In recent days there have been discussions as to the value of telephone consultation in primary care. Let me add to the discussion with an account of my experience. In the early days of developing Rheumatology Toolbox we used another strategy to try and reduce the workload in Rheumatology outpatient clinic. By workload I mean the time and effort involved in attending a rheumatology clinic this included time off work, travel time, carbon footprint and the cost in time and effort for the accompanying persons.
We set up a small study comparing the quality and quantity of clinical data obtained via an online system and the direct face-to-face consultation. The quality of the information using the two methods was broadly comparable, our study concluded that one could get very useful information via telemedicine. This of course is in keeping with other findings that up to 70 or 80% of diagnostically useful information is obtained by talking to the patient the implication being that physical examination will provide a lesser amount of clinically useful information. Clearly physical examination often confirms the clinicians impression following the questioning of the patient. This stands to reason, the patient is the best witness of their own illness over time, the clinicians skill is essentially in distilling this information, gleaning it from the patient and formulating a diagnostic hypothesis.
At the end of our study we concluded that telemedicine in the form of a video consultation was most useful in seeing patients for review after their initial consultation had been done face-to-face in a conventional clinical setting. Subsequently we set up a very useful rheumatology telemedicine clinic that was well received by the patients and clinicians.
We are in the early phases of planning the bottom webinar programme. There will be new topics and we will revisit some previous topics that have been requested. The “Tools for you” instruction videos that we have uploaded on YouTube have proven very popular,This autumn we intend to do a similar instructional video for patients with gout.
We are on the last week of the Spring Series of Rheumatology Toolbox Webinars. In this week’s Webinar we will deal with lesions of the Foot and Ankle that are commonly encountered in primary care, and we will introduce more “Tools for You” to assist patient education/management. Tell your friends/trainees/colleagues.
Register through the following link: https://rheumatologytoolbox.com/registration/Registration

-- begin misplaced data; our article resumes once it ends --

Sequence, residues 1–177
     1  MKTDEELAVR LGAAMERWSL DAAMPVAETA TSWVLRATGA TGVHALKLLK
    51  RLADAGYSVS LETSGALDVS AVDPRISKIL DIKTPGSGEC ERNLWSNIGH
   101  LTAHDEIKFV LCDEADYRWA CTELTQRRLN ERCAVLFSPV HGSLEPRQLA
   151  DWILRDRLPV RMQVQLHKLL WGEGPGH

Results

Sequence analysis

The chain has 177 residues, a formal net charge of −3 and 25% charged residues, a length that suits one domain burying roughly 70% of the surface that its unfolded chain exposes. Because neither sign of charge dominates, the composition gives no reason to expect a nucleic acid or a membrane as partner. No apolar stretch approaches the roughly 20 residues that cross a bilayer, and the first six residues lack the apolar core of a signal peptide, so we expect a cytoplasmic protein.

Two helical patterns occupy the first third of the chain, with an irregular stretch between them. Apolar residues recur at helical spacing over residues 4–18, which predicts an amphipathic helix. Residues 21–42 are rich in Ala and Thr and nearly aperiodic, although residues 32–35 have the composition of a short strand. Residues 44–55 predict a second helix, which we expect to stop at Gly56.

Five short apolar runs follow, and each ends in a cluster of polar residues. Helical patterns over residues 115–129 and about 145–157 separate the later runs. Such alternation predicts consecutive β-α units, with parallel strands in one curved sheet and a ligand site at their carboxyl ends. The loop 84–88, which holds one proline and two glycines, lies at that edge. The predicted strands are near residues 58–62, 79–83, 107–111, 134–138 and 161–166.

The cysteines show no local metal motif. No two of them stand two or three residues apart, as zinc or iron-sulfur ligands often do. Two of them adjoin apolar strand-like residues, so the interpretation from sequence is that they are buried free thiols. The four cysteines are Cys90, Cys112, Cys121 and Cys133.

This evening we have the penultimate in the spring series, to date it has been very well attended. There is exceptional interest in tonight’s topic, skin cancer and Hidradenitis suppurativa.
We will welcome many of those who have attended webinars the past and we expect some new visitors. There has been increased interest in our webinars in other countries. Quality of presentation, relevance to primary-care and ease of access all contribute to our success thus far.
THERE IS NO PUBLIC FORUM TO ADVANCE OUR UNDERSTANDING OF THE PROBLEM. MAKE YOUR SUGGESTIONS.
Two years ago at the Irish healthcare awards in 2013 John Carey and I were involved with colleagues from Roscommon. We received an award for setting up a Telemedicine service for rheumatology patients in the Roscommon area. In spite of its success as a service for patients it has not been extended in rheumatology nor have other services used to the template for delivering a clinical service to areas remote from the hospital.
I recently came across a presentation from the Mayo Clinic on YouTube extolling the virtues of telemedicine in primary care. And the experience recounted in that presentation is very much my own.
An article in January by Skip Fleshman in Forbes / Pharma & Healthcare entitled “Why Telemedicine’s Time Has Finally Come” suggested a combination of factors are driving this growth, profit, technology and convenience are all playing a part. Oh! And patient acceptance. He predicts it is going to be the biggest trend in digital health.
In September the American College of Physicians produced a position paper “Policy Recommendations to Guide the Use of Telemedicine in Primary Care Settings” in it they deal with issues such as the physician- patient relationship online and in office. They advocate that the patient and the physician should have a real ongoing doctor-patient relationship. They warn against “one off” encounters that would lack that depth.
We started off four years ago developing a telemedicine service in the West of Ireland to deliver rheumatology expertise to patients close to their community. The service was effective, accepted, efficient and cost/time saving.
I can see potential for a telemedicine service to extend specialist medical care to remoter parts of the country. (in the case of ”National Services” that means outside the Pale).
It could be a suitable way for family doctors to link with their patients at a time that is convenient. Maybe sometimes to work from home.
Telemedicine can link nursing homes or homes for the elderly to specialist services in hospital thereby avoiding the need for the patient to travel to the OPD or A&E. This may reduce the demand on trollies.
Indeed one could see a potential for A&E services to be rolled out from their “centres of excellence” to the community thus avoiding many unnecessary wasteful and expensive trips to the hospital.
To date what has happened in Roscommon has stayed in Roscommon.